Fritillaria imperialis: Time to Plant Pineapple Lilies
I wish it hadn’t taken me so long to grow Fritillaria imperialis. I guess I thought these exotic-looking flowers would be difficult. But now I can tell you: exotic they are, but difficult they’re not. Here are a few things to love about Fritillaria imperialis, also known as crown imperial or pineapple lilies.
The Basics About Fritillaria imperialis
When you see this bulb’s foliage, it’s pretty obvious that it’s in the lily family. You can also tell by looking at the bulbs. They have scales like a lily bulb, but the scales are fused rather than being loose. The bulbs are also almost twice the size of a regular lily bulb and much heavier.
When handling the bulbs, you’ll notice they have a peculiar smell. All parts of the plant emit this same slightly skunky odor. It’s what makes Fritillaria imperialis distasteful to garden pests including rabbits, voles, squirrels and deer.
Of course the most distinctive thing about Fritillaria imperialis is the flowers. Each bulb produces one perfectly straight, glossy black stem. On top is a crown of bell-like flowers and a crazy hairdo of foliage. Though the plants aren’t particularly tall (30-36″), their unusual appearance makes them an un-missable feature in the garden.
Crown imperials usually begin blooming in mid-spring, right after peak daffodil season. Every part of the show is entertaining — from bud to bloom — and the long-lasting flowers guarantee weeks of enjoyment.
Fritillaries have a reputation for being more finicky than other fall-planted bulbs. Here’s how to keep them happy:
How to Grow Fritillaria Imperialis
Plant the bulbs in well drained soil. Fritillaria bulbs have a hole in the top of the bulb (see photo above). Unfortunately, this is a perfect place for moisture to accumulate and it makes the bulbs susceptible to rot.
For this reason it’s particularly important to plant them in well drained soil. As a precaution, you can dig a slightly deeper hole and put several inches of sand under the bulb. Another option is to plant the bulb on its side so water can’t pool in the hole. When the stem emerges from the bulb, it will head for the sun and grow as straight as it would have if planted upright.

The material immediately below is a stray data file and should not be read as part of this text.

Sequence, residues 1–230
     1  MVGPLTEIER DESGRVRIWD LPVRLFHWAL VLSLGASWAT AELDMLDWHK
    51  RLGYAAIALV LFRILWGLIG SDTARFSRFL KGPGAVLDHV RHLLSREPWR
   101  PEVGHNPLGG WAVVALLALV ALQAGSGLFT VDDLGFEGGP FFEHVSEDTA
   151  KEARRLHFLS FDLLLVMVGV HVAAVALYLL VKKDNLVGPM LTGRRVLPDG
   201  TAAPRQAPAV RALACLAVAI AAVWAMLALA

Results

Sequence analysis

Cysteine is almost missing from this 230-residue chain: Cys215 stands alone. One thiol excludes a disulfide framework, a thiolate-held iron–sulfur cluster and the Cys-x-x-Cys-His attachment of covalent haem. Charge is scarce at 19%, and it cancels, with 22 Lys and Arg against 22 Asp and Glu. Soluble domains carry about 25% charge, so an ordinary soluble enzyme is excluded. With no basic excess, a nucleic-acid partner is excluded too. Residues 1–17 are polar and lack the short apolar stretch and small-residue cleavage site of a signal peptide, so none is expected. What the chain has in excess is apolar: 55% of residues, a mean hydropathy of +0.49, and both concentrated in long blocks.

Give them sun and warmth. Fritillaria imperialis prefers full sun, but, as with most spring-blooming bulbs, it will also grow in partial shade. Full sun will give the bulbs the best chance of perennializing.
Crown imperials are usually rated as winter hardy in zones 5 and warmer. So far, they have managed to survive winter my zone 4 garden, so I’m planning to add more. As a precaution, I’ll cover the area with 4-5″ of shredded leaves for extra insulation.
Ideally, Fritillaria imperialis bulbs should spend the summer in soil that is warm and dry — similar to conditions in the plant’s native habitat of Afghanistan, Turkey, Iran, Iraq and Pakistan. The soil in my garden (wet and cold) couldn’t be more different. So I may find that I need to replant bulbs each fall, as I do with tulips.
Plant the bulbs in early fall. Tulip and daffodil bulbs have an outer “tunic” that helps keep the bulb from drying out. As with other bulbs in the lily family, fritillaria lack this protection. Since they’re more perishable, it’s best to purchase the bulbs in early fall and plant them immediately.
Here’s one other thing to know about fritillaries. In any given batch of bulbs, a percentage of them will be “blind.” These are bulbs that come up and produce foliage, but do not produce a flower. It’s not about the size of the bulbs. It’s just an annoying characteristic. And, unfortunately, there’s no way to know ahead of time which bulbs won’t bloom. Just plant a couple extras so you’re not disappointed.